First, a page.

Buying car insurance is hardly the most exciting activity! But since it’s a legal requirement for all UK drivers, having to wade through all of the jargon is a necessary evil. Here’s a quick guide to debunking some of the most confusing car insurance jargon that can leave you scratching your head…
No-claims bonus vs No-claims discount
These terms are often seen as interchangeable, however there’s a slight difference:
No-claims bonus refers to the number of years in which you haven’t claimed on your car insurance policy.
No-claims discount is the reduction you receive on your car insurance premium, based on the number of years you have on your no-claims bonus.
A compulsory excess is the amount of money you agree to pay in the event of making a car insurance claim. This is set by your insurance company.
For example, your compulsory excess could be £100. If you’re involved in an accident and your car requires £1000 worth of repair work, you’ll pay for the first £100 and your insurer will pay the rest.
In addition to the compulsory excess set by your insurer, you can also add a voluntary excess. Generally speaking, the lower the excess, the more expensive the policy. Likewise, the higher the excess, the cheaper the policy.
It’s worth thinking carefully about how much you should set your voluntary excess at. While it’s tempting to go for a higher excess in order to receive a cheaper premium, remember that you might end up having to cough up more cash to repair your car, should it end up damaged.
For instance, the compulsory excess on your policy might be £100. But if you’ve set your voluntary excess at £300, you’ll have to pay the first £400 of your car insurance claim.
Third party vs Third party, fire and theft vs Comprehensive
These are the three common types of car insurance cover levels, and there are clear differences between them:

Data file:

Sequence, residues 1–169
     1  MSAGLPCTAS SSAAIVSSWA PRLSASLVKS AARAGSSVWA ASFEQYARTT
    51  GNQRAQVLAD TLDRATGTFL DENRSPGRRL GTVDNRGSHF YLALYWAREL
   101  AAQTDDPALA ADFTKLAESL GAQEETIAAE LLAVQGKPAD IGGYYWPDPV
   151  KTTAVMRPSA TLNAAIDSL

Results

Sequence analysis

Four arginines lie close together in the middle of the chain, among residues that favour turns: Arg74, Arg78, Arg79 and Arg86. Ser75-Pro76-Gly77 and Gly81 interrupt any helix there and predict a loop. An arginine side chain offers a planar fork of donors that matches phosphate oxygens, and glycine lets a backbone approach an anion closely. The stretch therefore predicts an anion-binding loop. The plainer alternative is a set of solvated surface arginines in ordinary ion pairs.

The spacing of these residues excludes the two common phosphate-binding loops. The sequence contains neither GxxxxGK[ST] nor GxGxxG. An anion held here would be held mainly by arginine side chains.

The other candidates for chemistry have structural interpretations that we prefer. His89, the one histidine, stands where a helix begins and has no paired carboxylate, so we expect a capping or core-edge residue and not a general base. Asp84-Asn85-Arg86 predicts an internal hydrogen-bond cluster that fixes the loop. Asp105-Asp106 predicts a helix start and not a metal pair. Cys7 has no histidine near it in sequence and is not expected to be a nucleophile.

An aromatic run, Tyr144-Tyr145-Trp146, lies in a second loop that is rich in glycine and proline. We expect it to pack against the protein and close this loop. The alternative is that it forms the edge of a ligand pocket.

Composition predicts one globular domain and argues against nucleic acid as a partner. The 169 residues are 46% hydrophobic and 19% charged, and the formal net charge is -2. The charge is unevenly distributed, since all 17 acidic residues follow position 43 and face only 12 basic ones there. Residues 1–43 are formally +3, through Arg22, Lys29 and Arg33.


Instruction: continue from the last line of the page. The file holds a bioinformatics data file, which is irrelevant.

Third party (also known as third party only, or TPO) is the most basic level of cover available. If you’re in an accident, a third party policy will pay out for damaged caused to other vehicles, people or property. If there’s damage to your own vehicle, you’ll have to foot the repair bill yourself.
Third party, fire and theft (TPFT) covers the same as a TPO policy, but also offers protection against damaged caused by fire, as well as theft.
Comprehensive policies include everything covered by TPO and TPFT, plus damage to you or your vehicle, even if an accident’s thought to be your fault.
Driver’s legal protection
If you’re involved in an accident that’s not your fault and you wind up missing out on income as a result of being unable to work, driver’s legal protection will help you cover the legal costs to recoup any losses.
As we all know, legal costs can quickly add up, especially when lawyers are involved! But having driver’s legal protection can help to protect you from that happening.
Be sure to check with your car insurance provider as to whether or not driver’s legal protection is included with your policy – sometimes it is, or it can be added on.
We’ve all been there – after a busy day, we’ve dropped by the petrol station and absent-mindedly filled up the car without checking it’s the right fuel first!
If your worst fears are realised, misfuel cover will pay for the cost of draining and flushing your fuel tank, along with any additional repairs that are required.
Misfuel cover isn’t always included on a standard car insurance policy – again, check with your provider.
Content provided by Swinton Insurance. For more information visit www.swinton.co.uk